Dr. Iwona Stelmach of N. Copernicus Hospital in Lodz and colleagues found that of the four treatments they evaluated, the two including the anti-asthma drug montelukast (Singulair) were the most effective, but all were better than placebo.

“Control of childhood asthma with exercise-induced bronchoconstriction can be obtained by using regular controller treatment,” Stelmach and colleagues write in the Journal of Allergy and Clinical Immunology.

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Joslin study finds restricting insulin doses increases mortality risk

Diabetes • • Drug NewsFeb 27 08

A new study led by researchers at the Joslin Diabetes Center has found that women with type 1 diabetes who reported taking less insulin than prescribed had a three-fold increased risk of death and higher rates of disease complications than those who did not skip needed insulin shots. The new research appears in the March issue of Diabetes Care.

The study highlights the dangers of insulin restriction and concludes that mortality associated with the behavior appears to occur in the context of eating disorder symptoms often exhibited in women with diabetes – sometimes referred to as “diabulimia” in the media.

This 11-year follow-up study of 234 women is one of the first to show an increased risk of mortality as well as higher rates of kidney and foot problems in those who restricted their insulin intake. In addition, the average age of death was younger for those involved in insulin restriction: 45 years of age as compared to 58 years for those who did not restrict.

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Birth control pills may lower colon cancer risk

Women who have used birth control pills seem to have a slightly decreased risk of colon cancer as they age, a new study suggests.

Researchers found that among nearly 90,000 women ages 40 to 59, those who had ever used oral contraceptives were 17 percent less likely to develop colon cancer over the next 16 years.

The findings, which appear in the International Journal of Cancer, are in line with evidence suggesting that estrogen plays a role in colon cancer risk.

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Diabetes, Cholesterol, Anti-obesity Drugs Top Spending

Diabetes • • Drug News • • ObesityFeb 14 08

U.S. adult consumers spent nearly $36 billion for prescription drugs to lower blood sugar, reduce cholesterol, or help with other metabolic problems in 2005, according to the latest News and Numbers from the Agency for Healthcare Research and Quality.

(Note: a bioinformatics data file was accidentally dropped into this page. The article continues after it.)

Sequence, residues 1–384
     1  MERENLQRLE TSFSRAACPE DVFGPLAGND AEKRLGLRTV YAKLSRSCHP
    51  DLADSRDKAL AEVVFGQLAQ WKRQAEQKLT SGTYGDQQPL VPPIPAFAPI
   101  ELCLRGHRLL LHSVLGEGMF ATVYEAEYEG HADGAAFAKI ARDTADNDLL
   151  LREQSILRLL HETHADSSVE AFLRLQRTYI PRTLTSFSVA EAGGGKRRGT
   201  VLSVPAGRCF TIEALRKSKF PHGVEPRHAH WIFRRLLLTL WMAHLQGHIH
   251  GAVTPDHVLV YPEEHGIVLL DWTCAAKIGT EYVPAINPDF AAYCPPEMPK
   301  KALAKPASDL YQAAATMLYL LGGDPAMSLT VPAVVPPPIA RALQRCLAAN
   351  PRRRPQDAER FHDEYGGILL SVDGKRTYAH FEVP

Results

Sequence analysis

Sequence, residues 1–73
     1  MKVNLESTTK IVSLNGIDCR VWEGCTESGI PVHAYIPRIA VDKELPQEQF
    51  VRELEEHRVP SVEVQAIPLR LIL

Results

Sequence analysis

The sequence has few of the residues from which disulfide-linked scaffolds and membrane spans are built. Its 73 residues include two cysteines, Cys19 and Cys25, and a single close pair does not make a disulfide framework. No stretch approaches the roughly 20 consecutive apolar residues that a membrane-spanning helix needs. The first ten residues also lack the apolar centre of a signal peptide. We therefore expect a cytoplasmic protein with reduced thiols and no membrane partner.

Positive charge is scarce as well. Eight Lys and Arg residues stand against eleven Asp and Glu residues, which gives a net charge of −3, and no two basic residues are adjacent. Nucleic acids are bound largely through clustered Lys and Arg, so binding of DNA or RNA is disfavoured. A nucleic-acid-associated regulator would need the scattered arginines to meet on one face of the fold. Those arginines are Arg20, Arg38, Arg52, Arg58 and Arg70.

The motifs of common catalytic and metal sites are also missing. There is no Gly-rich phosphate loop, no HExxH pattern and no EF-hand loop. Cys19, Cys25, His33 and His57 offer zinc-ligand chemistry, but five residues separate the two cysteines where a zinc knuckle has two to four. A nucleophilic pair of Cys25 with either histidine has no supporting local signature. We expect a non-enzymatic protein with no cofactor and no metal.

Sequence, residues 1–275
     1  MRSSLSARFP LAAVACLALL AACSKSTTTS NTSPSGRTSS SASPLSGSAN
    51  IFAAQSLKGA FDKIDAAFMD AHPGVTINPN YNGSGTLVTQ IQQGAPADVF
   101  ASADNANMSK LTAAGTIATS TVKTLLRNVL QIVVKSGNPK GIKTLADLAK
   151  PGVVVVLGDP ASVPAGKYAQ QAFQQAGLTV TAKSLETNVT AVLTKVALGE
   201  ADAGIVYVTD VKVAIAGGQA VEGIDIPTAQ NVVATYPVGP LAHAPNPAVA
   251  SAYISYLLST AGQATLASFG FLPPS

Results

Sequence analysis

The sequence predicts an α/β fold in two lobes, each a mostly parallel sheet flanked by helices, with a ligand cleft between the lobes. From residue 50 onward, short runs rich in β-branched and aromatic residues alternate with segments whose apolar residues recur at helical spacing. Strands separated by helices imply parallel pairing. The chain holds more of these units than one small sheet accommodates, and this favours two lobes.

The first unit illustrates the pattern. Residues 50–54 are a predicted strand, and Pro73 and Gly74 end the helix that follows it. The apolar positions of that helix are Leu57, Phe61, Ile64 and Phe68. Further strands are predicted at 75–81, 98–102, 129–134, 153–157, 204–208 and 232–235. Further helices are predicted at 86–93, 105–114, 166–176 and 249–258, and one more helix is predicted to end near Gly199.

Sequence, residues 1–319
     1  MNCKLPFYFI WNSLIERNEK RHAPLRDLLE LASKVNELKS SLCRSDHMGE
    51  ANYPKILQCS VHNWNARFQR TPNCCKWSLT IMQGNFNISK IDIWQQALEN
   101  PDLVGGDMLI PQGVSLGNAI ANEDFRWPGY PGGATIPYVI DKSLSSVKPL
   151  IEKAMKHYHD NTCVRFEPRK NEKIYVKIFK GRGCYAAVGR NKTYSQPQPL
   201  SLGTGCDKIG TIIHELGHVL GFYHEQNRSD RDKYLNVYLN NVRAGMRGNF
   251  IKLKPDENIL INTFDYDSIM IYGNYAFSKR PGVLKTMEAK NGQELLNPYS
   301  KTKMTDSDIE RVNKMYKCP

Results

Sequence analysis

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Aspirin reduces death rate in heart patients

Drug News • • HeartJan 29 08

In people with stable heart disease, low-dose aspirin reduces the occurrence of heart attacks, strokes, and deaths from all causes, according to a new analysis.

Although aspirin also increases the risk of bleeding, the benefits outweigh the risk, lead author Dr. Jeffrey S. Berger, of the Duke Clinical Research Institute, Durham, North Carolina, and his associates conclude in their report in the American Journal of Medicine.

Unlike previous analyses that combined various populations with treated with different blood-thinning drugs and dosages, the researchers point out, “our study focuses on low-dose aspirin in a population with stable cardiovascular disease.”

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Anemia Drugs and Stimulants Ease Exhaustion in Some Cancer Patients

Cancer • • Drug NewsJan 23 08

Drugs that promote red blood cell production and stimulants typically used to treat attention deficit disorder relieve excessive tiredness in cancer patients, according to a new systematic review of studies.

Undergoing cancer treatment can affect physical, mental and emotional well-being, and a variety of contributing factors — such as treatment regimens, psychological distress and the effects of the cancer itself — can cause cancer-related fatigue.

“Fatigue is difficult to treat as it usually has a number of contributory causes — many of which are not fully understood,” said lead investigator Dr. Oliver Minton. Patients and professionals alike may consider tiredness as an unavoidable part of cancer treatment, Minton said, rather than a problem to recognize and address.